By Julianne Malveaux
As the FBI battles with Apple about privacy protection and the need for the technology company to break down computer firewalls, I wonder who will, exactly, be protected, when technology companies go fishing to find protected information from their users. It is not so much that those who use troll cyberspace through their tablets and telephones, but that it makes sense to understand how much information is available. In other words, that which is perceived as private isn’t always private. Who has privacy protection?
I am especially concerned that students are vulnerable to data breaches, and that hackers are able to invade university spaces. Young people, who have not yet had the opportunity to establish a credit identity, are at risk when hackers get into databases that provide social security numbers, and other protected information. While legislation attempts to protect those whose privacy is violated, enforcement is too often challenging. Tens of thousands of students have their identities at risk, and they have little protection from hackers.
On February 4, 2016, the University of Florida announced that “as many as 63,000 current and former students and staff had their names and social security numbers compromised.” The school has taken steps to inform those who were affected by the breach, including mailing letters and launching both a website and a call center. That’s an adequate first step. Even after the immediate concerns have been addressed in the wake of this latest hacking incident, underlying issues surrounding student privacy remain.
In 2015 alone, 182 bills in 46 states were introduced to protect student privacy. Many of these efforts are focused on what happens within public schools, funded by taxpayer dollars, and rightfully so. As a former university president, I’m all too familiar with many of these issues, even as new ones emerge every day. Too many students find their identities compromised because of hacking. Too many spend dozens of hours (if not more) attempting to protect themselves from hackers. Identity theft is a real problem, and too many of the solutions require people to spend more time than they have forging solutions.
Technology both enables us and shackles us. Our educational system is enhanced by the software that is becoming more deeply embedded in our education system on a daily basis. At the same time, this software may provide an extraordinary access to student data. How do we balance privacy concerns with access to data? One advocacy group found that “school-issued Google Chrome books upload private student data to the cloud by default, including web history. Chrome books also track students on school-assigned accounts when they navigate to Google-owned services that aren’t segregated as ‘educational’ (non-‘educational’ products include Google Maps, Google Books, and YouTube).”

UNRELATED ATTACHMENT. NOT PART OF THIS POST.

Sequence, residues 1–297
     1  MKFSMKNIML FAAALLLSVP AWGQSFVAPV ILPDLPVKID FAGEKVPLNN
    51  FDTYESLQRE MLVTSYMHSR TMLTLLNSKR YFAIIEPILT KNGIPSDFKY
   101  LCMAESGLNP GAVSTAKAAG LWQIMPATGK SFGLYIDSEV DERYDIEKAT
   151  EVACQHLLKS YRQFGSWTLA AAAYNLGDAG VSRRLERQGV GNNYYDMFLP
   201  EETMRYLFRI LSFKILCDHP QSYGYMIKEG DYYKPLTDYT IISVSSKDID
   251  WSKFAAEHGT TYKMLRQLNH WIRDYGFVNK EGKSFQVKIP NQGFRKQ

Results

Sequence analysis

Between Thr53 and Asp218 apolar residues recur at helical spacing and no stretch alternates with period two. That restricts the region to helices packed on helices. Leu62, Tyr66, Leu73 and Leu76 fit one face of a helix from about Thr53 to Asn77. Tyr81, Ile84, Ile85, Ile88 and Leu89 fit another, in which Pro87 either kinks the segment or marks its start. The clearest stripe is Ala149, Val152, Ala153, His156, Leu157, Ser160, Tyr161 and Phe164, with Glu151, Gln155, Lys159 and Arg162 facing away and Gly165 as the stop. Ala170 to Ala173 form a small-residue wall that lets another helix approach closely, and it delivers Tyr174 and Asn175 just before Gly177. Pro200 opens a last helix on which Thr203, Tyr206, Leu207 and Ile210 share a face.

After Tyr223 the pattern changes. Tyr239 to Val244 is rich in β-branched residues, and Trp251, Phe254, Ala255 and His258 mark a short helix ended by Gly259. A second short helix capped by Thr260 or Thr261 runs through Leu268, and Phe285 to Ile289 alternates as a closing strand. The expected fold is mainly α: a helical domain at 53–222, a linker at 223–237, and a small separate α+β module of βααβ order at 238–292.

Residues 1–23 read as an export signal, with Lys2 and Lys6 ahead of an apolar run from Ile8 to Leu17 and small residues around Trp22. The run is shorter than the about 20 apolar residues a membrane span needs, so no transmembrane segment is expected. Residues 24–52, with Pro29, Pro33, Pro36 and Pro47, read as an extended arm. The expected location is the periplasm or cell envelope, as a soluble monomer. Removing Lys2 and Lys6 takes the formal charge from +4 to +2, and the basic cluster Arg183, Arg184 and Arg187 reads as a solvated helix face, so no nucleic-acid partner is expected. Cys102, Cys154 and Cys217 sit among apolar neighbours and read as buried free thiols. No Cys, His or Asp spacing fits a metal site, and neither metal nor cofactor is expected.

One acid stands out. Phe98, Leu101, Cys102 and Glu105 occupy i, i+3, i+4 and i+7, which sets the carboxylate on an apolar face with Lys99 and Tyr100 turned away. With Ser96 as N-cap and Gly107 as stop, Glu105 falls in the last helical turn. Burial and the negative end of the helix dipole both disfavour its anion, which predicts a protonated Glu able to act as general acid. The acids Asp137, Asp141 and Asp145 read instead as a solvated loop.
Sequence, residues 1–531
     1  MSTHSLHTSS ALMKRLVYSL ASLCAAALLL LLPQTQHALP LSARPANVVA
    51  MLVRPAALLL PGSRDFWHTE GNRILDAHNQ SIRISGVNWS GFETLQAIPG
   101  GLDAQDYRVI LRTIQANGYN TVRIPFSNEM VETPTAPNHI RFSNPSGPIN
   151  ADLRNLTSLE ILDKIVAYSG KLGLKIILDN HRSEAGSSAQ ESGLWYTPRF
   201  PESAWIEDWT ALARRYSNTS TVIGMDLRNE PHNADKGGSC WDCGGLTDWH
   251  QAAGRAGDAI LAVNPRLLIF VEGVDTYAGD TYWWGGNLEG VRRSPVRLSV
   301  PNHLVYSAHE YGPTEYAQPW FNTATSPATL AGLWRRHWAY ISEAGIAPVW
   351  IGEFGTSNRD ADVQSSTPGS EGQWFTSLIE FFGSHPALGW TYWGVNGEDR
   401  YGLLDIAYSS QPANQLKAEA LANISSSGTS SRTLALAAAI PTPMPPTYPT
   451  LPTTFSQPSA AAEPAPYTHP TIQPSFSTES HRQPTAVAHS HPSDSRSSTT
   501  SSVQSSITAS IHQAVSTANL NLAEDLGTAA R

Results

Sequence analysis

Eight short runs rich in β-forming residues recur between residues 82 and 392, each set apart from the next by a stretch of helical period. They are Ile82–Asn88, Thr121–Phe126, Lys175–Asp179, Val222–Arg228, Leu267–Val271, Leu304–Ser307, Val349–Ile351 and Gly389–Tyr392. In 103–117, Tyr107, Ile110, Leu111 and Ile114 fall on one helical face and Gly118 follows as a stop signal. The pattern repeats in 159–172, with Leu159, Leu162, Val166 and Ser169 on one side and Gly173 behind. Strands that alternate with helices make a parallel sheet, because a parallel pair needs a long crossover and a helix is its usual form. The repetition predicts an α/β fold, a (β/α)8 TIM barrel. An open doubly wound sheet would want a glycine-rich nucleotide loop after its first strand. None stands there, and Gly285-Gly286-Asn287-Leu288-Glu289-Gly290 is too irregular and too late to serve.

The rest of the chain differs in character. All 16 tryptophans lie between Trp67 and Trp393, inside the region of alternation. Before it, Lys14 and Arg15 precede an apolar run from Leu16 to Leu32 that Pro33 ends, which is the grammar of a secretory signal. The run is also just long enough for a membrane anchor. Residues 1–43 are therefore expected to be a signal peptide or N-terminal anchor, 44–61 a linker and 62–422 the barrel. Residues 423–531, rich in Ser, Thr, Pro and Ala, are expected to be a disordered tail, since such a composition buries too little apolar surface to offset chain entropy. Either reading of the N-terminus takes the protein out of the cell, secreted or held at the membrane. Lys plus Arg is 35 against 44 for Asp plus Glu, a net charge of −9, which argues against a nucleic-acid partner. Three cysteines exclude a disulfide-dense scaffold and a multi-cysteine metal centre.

Student privacy protections are also important for after school programs. Largely unreported on by the media, the student test preparation company The Princeton Review was purchased last year by The Match Group, an online dating umbrella company that owns the hookup app Tinder, as well as Match.com, OkCupid and dozens of other online dating websites. Online dating sites are notorious for their failure to protect user data – according to the Electronic Frontier Foundation, “Your profile is indexed by Google. While this isn’t the case for every online dating site, OkCupid profiles are public by default and indexed by Google. … Even something as small as a unique turn of phrase could show up in search results and bring casual visitors to your page. … last October researcher Jonathan Mayer discovered that OkCupid was actually leaking personal data to some of its marketing partners.”
Do our students have any privacy as they troll the Internet, visit dating sites, and offer more information than they want others to know? As we have conversations about privacy, have we focused on the young person who is most vulnerable to a pernicious information sharing that puts young people at risk? A loose patchwork of regulations exists to protect student privacy in the United States, and little oversight of private company interactions exists at either the state or federal levels. This is especially true of data sharing between first parties, as both Tinder and Princeton Review are designated under their joint ownership. Rules have been proposed in the past that would “prevent separate businesses owned by the same company from both being considered ‘first parties’ and thus being able to freely share information with each other,” but little has actually been done.
Conversations about privacy do not often, unfortunately, focus on students and their special vulnerability. Yet, as we grapple with technology challenges, students are among those who will require special attention. From capital buildings to courtrooms to classrooms, privacy issues are going to loom large in this modern age of technology. Even as we enable students to use technology to enhance their possibilities, so must we also encourage them to use technology to manage their future options?
Legislators have focused on privacy issues, but they have been remiss when they have refused to deal with the privacy rights that students have. Too many data companies have too much access to student data. Too many who are concerned with justice issues must raise legitimate questions about the rights of our students, especially minors who can be more easily targeted in data mining operations. While there are appropriate conversations about privacy rights for adults, there must also be conversations about the privacy needs of young people and students. Cyberspace isn’t always the safest space. If the law will protect the privacy of adults, it must do so much more to protect the privacy of minors.